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An ambassador and trained facilitator under Eco Femme (a social enterprise working towards menstrual health in south India), Sanjina is also an active member of the MHM Collective- India and Menstrual Health Alliance- India. She has conducted Menstrual Health sessions in multiple government schools adopted by Rotary District 3240 as part of their WinS project in rural Bengal. She has also delivered training of trainers on SRHR, gender, sexuality and Menstruation for Tomorrow’s Foundation, Vikramshila Education Resource Society, Nirdhan trust and Micro Finance, Tollygunj Women In Need, Paint It Red in Kolkata.

Now as an MH Fellow with YKA, she’s expanding her impressive scope of work further by launching a campaign to facilitate the process of ensuring better menstrual health and SRH services for women residing in correctional homes in West Bengal. The campaign will entail an independent study to take stalk of the present conditions of MHM in correctional homes across the state and use its findings to build public support and political will to take the necessary action.

Saurabh has been associated with YKA as a user and has consistently been writing on the issue MHM and its intersectionality with other issues in the society. Now as an MHM Fellow with YKA, he’s launched the Right to Period campaign, which aims to ensure proper execution of MHM guidelines in Delhi’s schools.

The long-term aim of the campaign is to develop an open culture where menstruation is not treated as a taboo. The campaign also seeks to hold the schools accountable for their responsibilities as an important component in the implementation of MHM policies by making adequate sanitation infrastructure and knowledge of MHM available in school premises.

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Harshita is a psychologist and works to support people with mental health issues, particularly adolescents who are survivors of violence. Associated with the Azadi Foundation in UP, Harshita became an MHM Fellow with YKA, with the aim of promoting better menstrual health.

Her campaign #MeriMarzi aims to promote menstrual health and wellness, hygiene and facilities for female sex workers in UP. She says, “Knowledge about natural body processes is a very basic human right. And for individuals whose occupation is providing sexual services, it becomes even more important.”

Meri Marzi aims to ensure sensitised, non-discriminatory health workers for the needs of female sex workers in the Suraksha Clinics under the UPSACS (Uttar Pradesh State AIDS Control Society) program by creating more dialogues and garnering public support for the cause of sex workers’ menstrual rights. The campaign will also ensure interventions with sex workers to clear misconceptions around overall hygiene management to ensure that results flow both ways.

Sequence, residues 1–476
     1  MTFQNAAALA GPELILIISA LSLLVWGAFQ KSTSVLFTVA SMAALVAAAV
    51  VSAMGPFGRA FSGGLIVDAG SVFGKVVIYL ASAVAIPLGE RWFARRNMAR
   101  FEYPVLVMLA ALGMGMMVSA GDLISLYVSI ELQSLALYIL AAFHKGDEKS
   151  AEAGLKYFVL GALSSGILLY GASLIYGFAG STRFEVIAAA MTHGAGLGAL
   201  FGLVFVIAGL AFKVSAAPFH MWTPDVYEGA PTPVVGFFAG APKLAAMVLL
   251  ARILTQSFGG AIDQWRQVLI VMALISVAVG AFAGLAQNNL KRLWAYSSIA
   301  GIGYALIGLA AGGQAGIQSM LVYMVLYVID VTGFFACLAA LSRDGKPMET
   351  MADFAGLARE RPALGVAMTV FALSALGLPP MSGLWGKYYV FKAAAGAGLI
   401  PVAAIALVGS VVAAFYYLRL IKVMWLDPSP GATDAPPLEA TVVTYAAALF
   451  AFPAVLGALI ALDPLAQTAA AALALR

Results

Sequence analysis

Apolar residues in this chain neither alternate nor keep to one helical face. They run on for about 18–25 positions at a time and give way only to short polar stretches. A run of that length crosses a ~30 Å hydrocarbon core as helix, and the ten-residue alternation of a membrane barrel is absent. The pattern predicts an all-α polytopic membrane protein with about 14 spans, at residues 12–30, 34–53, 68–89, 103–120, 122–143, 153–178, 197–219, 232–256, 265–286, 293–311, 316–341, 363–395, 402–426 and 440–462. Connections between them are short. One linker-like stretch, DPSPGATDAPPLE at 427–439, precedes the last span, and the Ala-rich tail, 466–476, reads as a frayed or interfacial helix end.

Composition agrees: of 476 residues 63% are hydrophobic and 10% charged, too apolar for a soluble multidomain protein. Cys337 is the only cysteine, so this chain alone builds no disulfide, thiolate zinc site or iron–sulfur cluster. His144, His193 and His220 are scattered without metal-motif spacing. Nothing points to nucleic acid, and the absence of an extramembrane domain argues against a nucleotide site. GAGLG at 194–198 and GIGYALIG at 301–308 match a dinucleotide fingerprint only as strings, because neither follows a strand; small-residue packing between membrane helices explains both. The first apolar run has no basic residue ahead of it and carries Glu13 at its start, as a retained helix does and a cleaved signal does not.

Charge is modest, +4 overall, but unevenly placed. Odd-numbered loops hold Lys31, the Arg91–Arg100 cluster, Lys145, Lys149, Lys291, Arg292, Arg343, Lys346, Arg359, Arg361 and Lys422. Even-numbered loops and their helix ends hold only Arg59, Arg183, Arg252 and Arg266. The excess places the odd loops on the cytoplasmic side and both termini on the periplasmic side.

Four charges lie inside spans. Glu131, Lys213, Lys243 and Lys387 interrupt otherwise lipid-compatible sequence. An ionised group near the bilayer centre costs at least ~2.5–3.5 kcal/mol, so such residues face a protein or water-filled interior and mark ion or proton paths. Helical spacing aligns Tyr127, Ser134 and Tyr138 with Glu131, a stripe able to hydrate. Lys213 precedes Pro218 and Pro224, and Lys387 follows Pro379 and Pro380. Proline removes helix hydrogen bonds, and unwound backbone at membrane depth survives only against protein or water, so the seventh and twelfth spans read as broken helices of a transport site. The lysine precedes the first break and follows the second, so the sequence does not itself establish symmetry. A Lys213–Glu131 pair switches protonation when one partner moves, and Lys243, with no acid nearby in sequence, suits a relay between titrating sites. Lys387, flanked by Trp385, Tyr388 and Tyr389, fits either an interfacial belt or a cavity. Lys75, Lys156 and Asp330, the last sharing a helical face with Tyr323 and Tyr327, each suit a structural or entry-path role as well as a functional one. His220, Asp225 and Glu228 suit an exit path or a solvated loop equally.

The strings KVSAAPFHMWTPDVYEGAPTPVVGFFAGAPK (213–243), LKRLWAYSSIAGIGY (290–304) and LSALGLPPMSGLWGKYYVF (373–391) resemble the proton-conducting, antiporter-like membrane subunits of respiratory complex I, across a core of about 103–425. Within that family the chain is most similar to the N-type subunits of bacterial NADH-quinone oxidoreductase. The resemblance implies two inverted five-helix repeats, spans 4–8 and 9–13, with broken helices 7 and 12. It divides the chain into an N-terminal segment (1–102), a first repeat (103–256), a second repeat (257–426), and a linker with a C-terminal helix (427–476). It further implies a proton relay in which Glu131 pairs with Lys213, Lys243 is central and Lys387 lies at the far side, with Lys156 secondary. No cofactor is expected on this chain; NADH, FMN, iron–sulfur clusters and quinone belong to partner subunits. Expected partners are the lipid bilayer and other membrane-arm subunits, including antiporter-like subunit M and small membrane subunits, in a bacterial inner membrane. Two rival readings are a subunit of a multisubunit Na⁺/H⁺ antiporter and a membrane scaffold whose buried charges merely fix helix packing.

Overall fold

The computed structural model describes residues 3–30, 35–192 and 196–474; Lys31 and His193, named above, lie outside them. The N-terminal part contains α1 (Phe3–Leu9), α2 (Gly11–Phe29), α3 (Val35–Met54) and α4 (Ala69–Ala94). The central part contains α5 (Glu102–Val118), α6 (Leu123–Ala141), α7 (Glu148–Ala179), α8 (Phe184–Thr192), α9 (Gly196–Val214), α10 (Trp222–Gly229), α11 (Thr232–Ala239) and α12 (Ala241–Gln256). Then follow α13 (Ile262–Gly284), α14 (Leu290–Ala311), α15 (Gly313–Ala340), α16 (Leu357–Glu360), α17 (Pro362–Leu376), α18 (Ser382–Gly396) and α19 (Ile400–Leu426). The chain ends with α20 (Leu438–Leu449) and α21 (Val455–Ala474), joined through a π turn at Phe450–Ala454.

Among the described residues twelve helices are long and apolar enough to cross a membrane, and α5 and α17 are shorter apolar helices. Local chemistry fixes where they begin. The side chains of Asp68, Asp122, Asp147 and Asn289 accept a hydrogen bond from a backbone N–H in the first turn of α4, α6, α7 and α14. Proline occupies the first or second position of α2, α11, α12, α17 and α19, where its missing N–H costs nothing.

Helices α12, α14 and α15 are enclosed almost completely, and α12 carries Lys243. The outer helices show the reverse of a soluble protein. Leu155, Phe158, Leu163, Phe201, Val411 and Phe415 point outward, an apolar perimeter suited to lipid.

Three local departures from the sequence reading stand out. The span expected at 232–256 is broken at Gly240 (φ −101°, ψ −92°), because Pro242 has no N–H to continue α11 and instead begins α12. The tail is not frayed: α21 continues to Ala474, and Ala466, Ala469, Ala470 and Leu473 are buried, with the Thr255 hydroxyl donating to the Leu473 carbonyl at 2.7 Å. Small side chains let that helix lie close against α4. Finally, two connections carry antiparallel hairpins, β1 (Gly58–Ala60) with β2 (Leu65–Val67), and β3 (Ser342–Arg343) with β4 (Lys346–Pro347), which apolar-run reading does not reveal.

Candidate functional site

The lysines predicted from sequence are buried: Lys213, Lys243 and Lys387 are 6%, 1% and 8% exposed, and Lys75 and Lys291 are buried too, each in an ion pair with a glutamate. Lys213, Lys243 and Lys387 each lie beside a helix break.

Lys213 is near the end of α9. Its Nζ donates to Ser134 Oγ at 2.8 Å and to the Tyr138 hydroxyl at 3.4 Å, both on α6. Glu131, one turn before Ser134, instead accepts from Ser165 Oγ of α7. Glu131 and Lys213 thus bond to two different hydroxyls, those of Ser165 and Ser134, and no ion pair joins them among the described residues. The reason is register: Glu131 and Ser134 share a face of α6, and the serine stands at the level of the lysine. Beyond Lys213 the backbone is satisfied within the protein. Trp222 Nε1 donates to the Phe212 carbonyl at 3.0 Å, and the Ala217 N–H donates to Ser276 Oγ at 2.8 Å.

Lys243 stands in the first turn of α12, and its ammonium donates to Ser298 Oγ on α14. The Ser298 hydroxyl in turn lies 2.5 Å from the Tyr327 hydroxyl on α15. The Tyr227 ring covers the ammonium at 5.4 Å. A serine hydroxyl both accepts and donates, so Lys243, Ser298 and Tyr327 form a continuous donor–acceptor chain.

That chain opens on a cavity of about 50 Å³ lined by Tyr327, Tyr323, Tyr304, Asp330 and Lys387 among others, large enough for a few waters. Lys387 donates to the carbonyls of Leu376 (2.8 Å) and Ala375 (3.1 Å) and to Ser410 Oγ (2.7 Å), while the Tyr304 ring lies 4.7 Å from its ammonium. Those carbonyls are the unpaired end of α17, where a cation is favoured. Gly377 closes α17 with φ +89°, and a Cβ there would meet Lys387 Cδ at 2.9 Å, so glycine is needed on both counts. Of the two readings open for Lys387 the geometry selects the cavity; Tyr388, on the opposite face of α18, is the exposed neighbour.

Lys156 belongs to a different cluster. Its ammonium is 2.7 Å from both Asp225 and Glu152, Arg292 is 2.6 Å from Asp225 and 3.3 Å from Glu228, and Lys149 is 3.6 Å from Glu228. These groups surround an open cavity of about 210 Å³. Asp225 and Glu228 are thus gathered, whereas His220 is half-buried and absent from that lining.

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MH Fellow Sabna comes with significant experience working with a range of development issues. A co-founder of Project Sakhi Saheli, which aims to combat period poverty and break menstrual taboos, Sabna has, in the past, worked on the issue of menstruation in urban slums of Delhi with women and adolescent girls. She and her team also released MenstraBook, with menstrastories and organised Menstra Tlk in the Delhi School of Social Work to create more conversations on menstruation.

With YKA MHM Fellow Vineet, Sabna launched Menstratalk, a campaign that aims to put an end to period poverty and smash menstrual taboos in society. As a start, the campaign aims to begin conversations on menstrual health with five hundred adolescents and youth in Delhi through offline platforms, and through this community mobilise support to create Period Friendly Institutions out of educational institutes in the city.

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A student from Delhi School of Social work, Vineet is a part of Project Sakhi Saheli, an initiative by the students of Delhi school of Social Work to create awareness on Menstrual Health and combat Period Poverty. Along with MHM Action Fellow Sabna, Vineet launched Menstratalk, a campaign that aims to put an end to period poverty and smash menstrual taboos in society.

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A psychologist and co-founder of a mental health NGO called Customize Cognition, Ritika forayed into the space of menstrual health and hygiene, sexual and reproductive healthcare and rights and gender equality as an MHM Fellow with YKA. She says, “The experience of working on MHM/SRHR and gender equality has been an enriching and eye-opening experience. I have learned what’s beneath the surface of the issue, be it awareness, lack of resources or disregard for trans men, who also menstruate.”

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A Computer Science engineer by education, Nitisha started her career in the corporate sector, before realising she wanted to work in the development and social justice space. Since then, she has worked with Teach For India and Care India and is from the founding batch of Indian School of Development Management (ISDM), a one of its kind organisation creating leaders for the development sector through its experiential learning post graduate program.

As a Youth Ki Awaaz Menstrual Health Fellow, Nitisha has started Let’s Talk Period, a campaign to mobilise young people to switch to sustainable period products. She says, “80 lakh women in Delhi use non-biodegradable sanitary products, generate 3000 tonnes of menstrual waste, that takes 500-800 years to decompose; which in turn contributes to the health issues of all menstruators, increased burden of waste management on the city and harmful living environment for all citizens.

Let’s Talk Period aims to change this by

Find out more about her campaign here.

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A former Assistant Secretary with the Ministry of Women and Child Development in West Bengal for three months, Lakshmi Bhavya has been championing the cause of menstrual hygiene in her district. By associating herself with the Lalana Campaign, a holistic menstrual hygiene awareness campaign which is conducted by the Anahat NGO, Lakshmi has been slowly breaking taboos when it comes to periods and menstrual hygiene.